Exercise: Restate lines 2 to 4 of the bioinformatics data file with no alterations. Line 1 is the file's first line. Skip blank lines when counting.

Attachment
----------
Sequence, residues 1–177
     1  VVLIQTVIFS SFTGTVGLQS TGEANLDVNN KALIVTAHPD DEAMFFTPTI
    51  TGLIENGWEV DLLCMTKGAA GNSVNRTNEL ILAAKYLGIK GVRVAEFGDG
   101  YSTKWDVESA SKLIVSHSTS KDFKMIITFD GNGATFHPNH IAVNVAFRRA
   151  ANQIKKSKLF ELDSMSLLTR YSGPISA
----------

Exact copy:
     1  VVLIQTVIFS SFTGTVGLQS TGEANLDVNN KALIVTAHPD DEAMFFTPTI
    51  TGLIENGWEV DLLCMTKGAA GNSVNRTNEL ILAAKYLGIK GVRVAEFGDG
   101  YSTKWDVESA SKLIVSHSTS KDFKMIITFD GNGATFHPNH IAVNVAFRRA